Back to School

I hope that during the school holidays, your children have had time to run around and enjoy themselves. Fresh air, muscle building, relaxing, inspiring activities that help your children’s bodies to cope with the gruelling inactivity of being back at school or college.

What are the problems they face when going back to school or college?

  1. Carrying Books and Equipment

You can help buy buying your child a backpack. This at least will mean that the weight is evenly distributed. However, don’t think that is the answer to the problem of carrying books, sports equipment etc.

If  an average 11 year old weighs about 5 – 6 stones and they use a back pack and also walk to school – both of which are good things to do – but then those backpacks weigh 12- 20 lbs – that means they are carrying 15% of their body weight!

Carrying weights is fine for adults whose muscles and bones have fully developed but in young children who are still growing, these weights are just too much and can lead to back pain. This is due to inflammation of growth cartilage or nerve irritation or muscle and joint strain/sprains.

The issue has been raised repeatedly in countries all over the world for more than a decade. In December 1999, doctors in Milan reported in The Lancet that 34.8 % of Italian schoolchildren carried more than 30% of their body weight at least once a week, “exceeding limits proposed for adults.”

How can you help?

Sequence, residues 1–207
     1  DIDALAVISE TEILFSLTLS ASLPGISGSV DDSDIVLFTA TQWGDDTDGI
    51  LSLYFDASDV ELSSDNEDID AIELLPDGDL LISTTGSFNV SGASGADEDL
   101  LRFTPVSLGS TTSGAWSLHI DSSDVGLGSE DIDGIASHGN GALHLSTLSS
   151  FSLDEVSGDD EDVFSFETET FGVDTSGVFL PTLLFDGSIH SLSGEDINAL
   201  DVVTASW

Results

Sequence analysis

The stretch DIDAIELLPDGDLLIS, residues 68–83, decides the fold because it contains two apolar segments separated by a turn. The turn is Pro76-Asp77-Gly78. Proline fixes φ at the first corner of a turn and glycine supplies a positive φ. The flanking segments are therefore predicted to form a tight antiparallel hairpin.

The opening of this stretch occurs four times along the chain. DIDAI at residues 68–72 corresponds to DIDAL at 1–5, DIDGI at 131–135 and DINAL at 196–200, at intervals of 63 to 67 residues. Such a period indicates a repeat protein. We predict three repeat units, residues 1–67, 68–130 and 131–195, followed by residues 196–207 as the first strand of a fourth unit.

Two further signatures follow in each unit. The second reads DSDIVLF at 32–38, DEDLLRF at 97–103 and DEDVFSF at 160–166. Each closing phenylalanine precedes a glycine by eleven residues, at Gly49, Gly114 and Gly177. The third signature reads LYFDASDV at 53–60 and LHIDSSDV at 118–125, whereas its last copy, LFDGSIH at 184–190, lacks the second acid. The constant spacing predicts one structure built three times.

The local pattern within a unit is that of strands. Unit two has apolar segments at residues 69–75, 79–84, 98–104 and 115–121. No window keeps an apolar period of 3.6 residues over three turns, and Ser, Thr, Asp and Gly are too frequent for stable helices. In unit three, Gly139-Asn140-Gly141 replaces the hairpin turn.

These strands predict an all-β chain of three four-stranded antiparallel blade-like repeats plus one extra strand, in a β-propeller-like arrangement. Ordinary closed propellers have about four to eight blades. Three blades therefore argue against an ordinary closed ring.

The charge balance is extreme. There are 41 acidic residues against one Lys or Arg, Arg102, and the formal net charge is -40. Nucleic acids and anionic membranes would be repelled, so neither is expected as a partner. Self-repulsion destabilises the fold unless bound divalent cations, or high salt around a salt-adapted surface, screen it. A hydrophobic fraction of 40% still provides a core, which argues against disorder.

Why not suggest to your children that they take a few minutes at the end of the school day to decide what they really needed to take home with them.

Select a backpack that is no bigger than absolutely necessary — the more room in the pack, the more the child is likely to carry. The pack should have wide, padded, adjustable shoulder straps (narrow ones can cause nerve damage), a padded back, and compartments within so that the heaviest items can rest against the child’s back.

A waist strap would be ideal, but I doubt many children would use it. Adjust the shoulder straps so that the bottom of the pack when filled lands no lower than four inches below the waist.

Children should be cautioned never to carry the pack on one shoulder. Decades of carrying nearly everything heavy on one shoulder can cause a scoliosis.

  1. Sitting badly

Students either lean back in their chairs too much to slump forwards too often. Both mean that to see what they are doing they have to arch their necks. This puts stress on the neck as it joins the body and can lead to pain but also to bad posture if done daily.

Your child is growing all the time and if they assume bad posture daily, the bones will grow to adapt to the position. Muscles shorten – particularly those in front of the shoulders that connect the shoulder joint to the sternum – and the tighter they get, they inhibit the strength of the back muscles at the level of the shoulder blades so it becomes more difficult to be able to keep good posture.

How can you help?

Don’t nag too much – but do get your child a good chair for when they are doing homework.

Buy them a foam roller and encourage them to use it regularly. Come in to see one of us so we can show them exercises that they can do regularly using the roller. The roller encourages the muscles in front of the shoulders to stretch and helps to maintain flexibility in the mid back, without which we develop shoulder problems over the years, neck pain, headaches.

Come in to see us with your children for a check up before they go back to school. A few words of advice and positive things to do may help to prevent years of discomfort.

Call the clinic now for an appointment and have a great new term!